On the girls’ side, Scarborough earned the No. 9 seed in Western A after a 7-11 regular season and had to go to No. 8 Deering last Wednesday in the preliminary round. The Rams won the regular season meeting by five, while the Red Storm won the only previous playoff meeting (in the 2010 regional final).
Scarborough was minus injured junior standout Ashley Briggs, an all-conference shoo-in, who was eighth in the league in scoring and tied for second in assists. Briggs was sidelined by shin splints and despite hopes of returning for the playoffs, wasn’t able to answer the bell.
The Red Storm played well regardless and led, 6-3, after one quarter and were tied, 19-19, at halftime, but Deering went up by as many as eight points in the third quarter and gradually pulled away to prevail, 49-36.
Scarborough got another stellar effort from super frosh Brooke Malone, who had a team-high 11 points and a game-high 15 rebounds.
“Brooke makes coaching fun,” Red Storm first-year coach Mike Giordano said. “When you have a 5-6, 5-7 kid, who’s outmatched in size and physicality, finish fourth in the league in rebounding, that’s just a pleasure to coach.”
The Red Storm gave the ball away 16 times and made 12 of 23 free throws.
“We played well,” said Giordano. “(The girls) gave me everything they had. We competed. We felt good at halftime, but they just wore us down in the second half. We needed one more scorer tonight and she was sitting on the bench. You can’t make up for her absence. Look at the stat sheet. You can’t replace that, but I thought we replaced it with heart tonight.
“Our goal every year is to get to the tournament. Obviously our goal is to get to the quarters where everybody is watching. We were very young, but they were committed. They worked hard. It was a great year.”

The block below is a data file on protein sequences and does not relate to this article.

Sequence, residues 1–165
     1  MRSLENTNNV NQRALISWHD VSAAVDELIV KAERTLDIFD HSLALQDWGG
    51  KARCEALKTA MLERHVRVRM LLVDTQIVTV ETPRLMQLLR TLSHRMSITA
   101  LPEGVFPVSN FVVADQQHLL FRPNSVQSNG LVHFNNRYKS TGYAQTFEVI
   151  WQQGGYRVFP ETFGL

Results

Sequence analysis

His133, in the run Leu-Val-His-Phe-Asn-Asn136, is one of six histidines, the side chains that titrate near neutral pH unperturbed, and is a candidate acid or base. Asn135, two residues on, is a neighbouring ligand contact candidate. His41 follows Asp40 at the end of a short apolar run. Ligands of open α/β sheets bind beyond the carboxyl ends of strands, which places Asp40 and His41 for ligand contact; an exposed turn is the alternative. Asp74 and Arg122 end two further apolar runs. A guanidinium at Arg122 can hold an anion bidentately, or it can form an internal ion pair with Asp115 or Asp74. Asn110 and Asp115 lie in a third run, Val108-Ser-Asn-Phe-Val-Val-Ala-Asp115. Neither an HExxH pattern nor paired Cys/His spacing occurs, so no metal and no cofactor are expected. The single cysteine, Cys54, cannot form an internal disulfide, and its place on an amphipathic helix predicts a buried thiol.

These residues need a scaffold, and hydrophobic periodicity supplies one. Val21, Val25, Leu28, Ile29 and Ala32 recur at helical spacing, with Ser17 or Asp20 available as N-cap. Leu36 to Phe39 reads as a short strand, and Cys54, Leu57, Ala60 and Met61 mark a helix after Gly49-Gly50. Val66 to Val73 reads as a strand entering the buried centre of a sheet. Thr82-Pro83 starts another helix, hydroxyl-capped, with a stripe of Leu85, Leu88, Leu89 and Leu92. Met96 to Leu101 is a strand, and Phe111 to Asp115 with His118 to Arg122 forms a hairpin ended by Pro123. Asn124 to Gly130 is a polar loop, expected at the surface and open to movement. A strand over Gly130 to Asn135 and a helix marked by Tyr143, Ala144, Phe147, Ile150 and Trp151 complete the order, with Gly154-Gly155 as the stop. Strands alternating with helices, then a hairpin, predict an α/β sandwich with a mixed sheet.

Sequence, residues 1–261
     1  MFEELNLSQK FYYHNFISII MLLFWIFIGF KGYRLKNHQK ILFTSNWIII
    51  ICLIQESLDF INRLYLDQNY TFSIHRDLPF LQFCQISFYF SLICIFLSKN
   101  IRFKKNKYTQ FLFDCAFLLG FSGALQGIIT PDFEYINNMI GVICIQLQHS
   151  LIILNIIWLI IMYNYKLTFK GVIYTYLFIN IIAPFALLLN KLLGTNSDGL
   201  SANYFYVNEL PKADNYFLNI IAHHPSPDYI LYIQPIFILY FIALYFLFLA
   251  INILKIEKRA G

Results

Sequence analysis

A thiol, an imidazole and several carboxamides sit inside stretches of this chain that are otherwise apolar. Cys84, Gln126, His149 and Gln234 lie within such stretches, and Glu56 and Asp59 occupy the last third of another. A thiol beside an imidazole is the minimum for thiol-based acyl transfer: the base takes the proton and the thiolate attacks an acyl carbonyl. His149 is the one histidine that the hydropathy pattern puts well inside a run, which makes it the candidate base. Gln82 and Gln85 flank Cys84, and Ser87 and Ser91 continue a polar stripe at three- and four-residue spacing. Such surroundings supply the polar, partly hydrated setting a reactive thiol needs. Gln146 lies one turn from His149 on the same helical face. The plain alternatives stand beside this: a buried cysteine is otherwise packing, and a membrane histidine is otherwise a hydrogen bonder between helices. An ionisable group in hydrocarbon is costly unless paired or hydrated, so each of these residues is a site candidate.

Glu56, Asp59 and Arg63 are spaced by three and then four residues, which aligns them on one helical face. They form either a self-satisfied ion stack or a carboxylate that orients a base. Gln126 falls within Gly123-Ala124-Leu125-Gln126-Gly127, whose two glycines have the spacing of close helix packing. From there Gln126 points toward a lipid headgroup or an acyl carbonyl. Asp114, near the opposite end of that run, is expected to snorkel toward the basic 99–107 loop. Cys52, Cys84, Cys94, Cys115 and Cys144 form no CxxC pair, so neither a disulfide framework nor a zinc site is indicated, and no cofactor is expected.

Scarborough only graduates Mackenzie O’Brien, which suggests it will be even more in the hunt in 2014-15.
“We return everybody but one and we have a nice eighth grade class which will be freshmen, so the future is bright in Scarborough,” Giordano said.
South Portland had a fabulous regular season, going 15-3 and earning No. 3 seed, but the Red Riots met their match in the quarterfinals Monday against a sixth-ranked Cheverus squad they swept in the regular season.
This time, South Portland went up early, 4-2, but Cheverus took the lead for good behind an 8-0 run and led, 14-8, after one period. The Stags extended that advantage to 28-14 at halftime, but based on what happened in the teams’ last meeting, no one in the building thought it was safe.
This time, however, Cheverus never let South Portland make a serious run and extended its lead to as many as 18 points, 37-19. The Red Riots did make things interesting when they pulled within 39-29, 41-31 and 44-34 late in the third period, but the Stags opened the fourth period with four straight points and that proved to be too much to overcome. Cheverus gradually extended its lead from there and went on to a most impressive 61-42 victory.
For South Portland, senior Brianne Maloney capped her solid high school career with 12 points. Junior Holly Black added 10.
The Red Riots, who made just 17 of 30 free throws and turned the ball over 15 times, were left heartbroken.
“I think the big difference was that we didn’t do a good job on rebounding at either end,” said South Portland coach Lynne Hasson. “Hats off to Cheverus. I thought they played great defensively. We struggled all night. I don’t have a lot of answers as to why. I think it was a combination of taking bad shots and having some kids who were nervous and played nervous and weren’t looking to score. We really struggled offensively and we weren’t boxing out on the defensive end. We gave them second opportunities. Every time we made a run, they answered. There’s only so many times you can come back from a big deficit against a good team.
I’m proud of the kids. The disappointment will take a few days to get over. It’s hard to say it was a great season after losing in the tournament. It was a great season, but it doesn’t make us feel any better right now. The seniors were just great. You want integrity, positive attitudes and hard work from kids and we were really lucky. They’ve given their heart and soul. I couldn’t ask for any more from those kids. They gave us everything they had. They’ll be hard to replace.”
Look for even better results from this crew next winter.
“I hope we can go further,” said Hasson. “This program needs to get to the quarterfinals. It’s been a goal and it will continue to be a goal.”